A new study illustrates the long-term impact that traumatic brain injury (TBI) may have on victims.
The study came out June 25 in the online journal, Neurology. According to the study, TBI in the older U.S. military veterans whose medical records were reviewed in the study was associated with a 60 percent increase in the risk of developing dementia.
While this study certainly has implications for military personnel who are exposed to the risk of severe TBI in the field, it also has relevance to civilians.
The study looked at traumatic brain injuries that could result from not only military events but industrial accidents, automobile accidents and sports accidents as well, a co-researcher told the Los Angeles Times.
Study Finds Heightened Risk of Dementia in TBI Victims
In the study, researchers from the University of California-San Francisco and the San Francisco Veterans Affairs Medical Center examined the medical records of 188,764 U.S. veterans ages 55 and older who were patients in the VA health system between 2000 and 2003 and who had not been diagnosed with dementia during that timeframe. Out of that group, 1,229 veterans had been diagnosed with TBI.
The researchers analyzed the records of both the TBI and non-TBI veterans from 2003 to 2012 and compared their dementia rates. The study found that 16 percent of the veterans with TBI developed dementia during the nine-year follow-up period, while only 10 percent of the veterans without TBI developed dementia.
The study’s results indicate that TBI in older military veterans may predispose them towards the development of dementia. Younger veterans and civilians should be concerned about the long-term effects of TBI as well, the researchers said.
As the Times points out, the study did not answer the question of whether victims of mild brain injuries, such as concussions that are often suffered in sports contests, may face a similar heightened risk of developing dementia.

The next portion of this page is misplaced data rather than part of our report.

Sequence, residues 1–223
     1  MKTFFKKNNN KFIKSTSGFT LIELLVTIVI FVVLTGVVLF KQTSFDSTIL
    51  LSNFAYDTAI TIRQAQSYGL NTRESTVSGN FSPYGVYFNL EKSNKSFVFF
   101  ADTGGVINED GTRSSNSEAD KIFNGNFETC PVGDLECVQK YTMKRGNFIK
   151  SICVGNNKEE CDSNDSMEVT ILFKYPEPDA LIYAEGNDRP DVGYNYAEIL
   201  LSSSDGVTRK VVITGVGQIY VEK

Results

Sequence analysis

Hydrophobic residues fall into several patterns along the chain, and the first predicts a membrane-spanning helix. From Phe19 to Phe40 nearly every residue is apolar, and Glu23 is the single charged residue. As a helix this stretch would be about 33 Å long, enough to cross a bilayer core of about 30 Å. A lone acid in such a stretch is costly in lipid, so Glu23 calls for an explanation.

The study also did not establish a clear link between TBI and dementia. It could be that other factors contribute to development of the condition, including genetic factors and alcoholism.
Research suggests that TBI may actually work in concert with those other factors to raise the risk of TBI, the Institute of Neurological Disorders and Stroke (NINDS) reports.
What Is Dementia?
As this study suggests, TBI victims and their families should pay close attention to the signs of dementia – even long after the TBI has appeared to heal. They may also wish to learn more about treating the condition.
According to WebMD, dementia is marked by a decline in mental skills and can impact one’s ability to carry out daily life activities. The most common form of dementia is Alzheimer’s disease.
WebMD says that signs of dementia include memory loss, difficulties recognizing people and places, problems forming speech and troubles with controlling moods or behaviors.
Doctors may prescribe a wide range of medications and antidepressants to treat dementia, the Mayo Clinic states. However, care and support from those close to the victim will be crucial as well.
Submitted by Geoff McDonald & Associates , P.C.